Camilo Pardo, internationally known Ford designer, artist and 1985 graduate of CCS, takes the PowerPoint buttons away from Thomas and shows us a video of himself at work in his huge Detroit studio. Pardo uses a fine art approach to design. His auto creations blur into his paintings and drawings that segue into his clothing designs. A model joins him on stage wearing a shiny jumpsuit adorned with a Gulf emblem. Architecture and furniture and sculpture and pop art and music get him “outside of the automotive thing” and allow him to bring all kinds of influences into his work. He not only will design you a car, he’ll create the outfits that the models will wear when they’re standing in front of it at an auto show.

Pardo speaks of “deep crevices, deep contours, very sexy. …” He speaks of Man Ray and Duchamp and the Marlboro Man before he shows a short clip of his latest creation, the GT-40. Before hitting the play button, he softly offers this preamble: “I’ll let you all fall in love.” Oohs and ahhs rise to the ceiling.

We get to meet Bill Morden, the ad guy who came up with the “That thing got a Hemi?” campaign for Dodge. His job is to “create an emotion to get out and buy a car.” His job as Chief Creative Officer of BBDO/Detroit ad agency is to “make you have an emotional connection” to what you drive. But he insists, “You cannot will pop culture onto your products. But when you ‘got it’, you really ‘got it’!”

He “got it” all right. So much so, he’s designing a brand of high-energy drinks with the “Hemi” logo as well as stocking Nordstrom’s with, “That thing got a Hemi?” T-shirts. It’s the, “Where’s the beef?” tagline of the decade, and he’s going to milk it for everything. He’s an ad guy. You expect less from him? He says he wants to take “Hemi Envy” to new heights, so we can expect that this Hemi thing is going to be with us for a while.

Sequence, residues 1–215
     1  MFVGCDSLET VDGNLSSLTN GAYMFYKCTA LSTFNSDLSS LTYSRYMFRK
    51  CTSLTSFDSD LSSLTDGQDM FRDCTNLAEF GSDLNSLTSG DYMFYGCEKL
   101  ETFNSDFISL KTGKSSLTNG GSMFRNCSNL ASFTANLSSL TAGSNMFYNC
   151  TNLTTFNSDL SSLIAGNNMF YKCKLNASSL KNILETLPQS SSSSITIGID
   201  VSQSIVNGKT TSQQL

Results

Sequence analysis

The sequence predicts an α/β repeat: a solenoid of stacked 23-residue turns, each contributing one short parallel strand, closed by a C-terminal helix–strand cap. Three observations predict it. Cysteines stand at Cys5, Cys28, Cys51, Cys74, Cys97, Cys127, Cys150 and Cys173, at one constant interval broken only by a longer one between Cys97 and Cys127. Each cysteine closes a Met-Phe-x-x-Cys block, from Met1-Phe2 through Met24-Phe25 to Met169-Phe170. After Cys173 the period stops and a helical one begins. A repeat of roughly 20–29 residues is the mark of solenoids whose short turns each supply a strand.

A hot rod designer, Larry Erickson, takes us on a tour through the American infatuation with customizing our cars. He talks about Ed “Big Daddy” Roth, that enterprising genius who churned out hot rod models and Rat Fink dolls in the ’60s, adding a sense of humor to the slightly shady world of drag racing teenagers looking for cheap thrills.

The seminar closes with an Englishman, Dan Ross, who publishes an “international car culture publication” out of London. He shows us pictures from articles (ads) he’s done on the Gumball Rally and Gucci Cadillacs and people in Japan who hum along, trying to imitate the sound of a fast-moving car, as they watch car races in their native country.

For the most part, these lecturers’ lives and careers are dependent on the automotive game. The symposium would have been more well-rounded with the inclusion of some less esoteric themes, such as: “Why is that guy flipping me off when I’m going the speed limit?” or “The light just turned green! Stop your fucking honking!” or perhaps, “I fight rush hour traffic for two hours just to get home every night. I think I just might kill myself one of these days.”

No. These were the furthest things from our minds. Not to mention that while blinded by the dazzling artists of design and persuasion we can barely remember that these metallic expressions of “individualism” and “style” continue to keep us in an international headlock with oil-soaked governments that give a rat’s ass about individualism and freedom. Environmental blight, road rage and the insulating, corrosive effects on culture and society, those issues get pushed back by the undeniable sexual distraction of the fast and curvaceous lines of the next hot model.

Well, maybe next year.

Dan DeMaggio writes nearly constantly now for Metro Times. Contact him with retorts and suggestions for his future enlightenment at [email protected]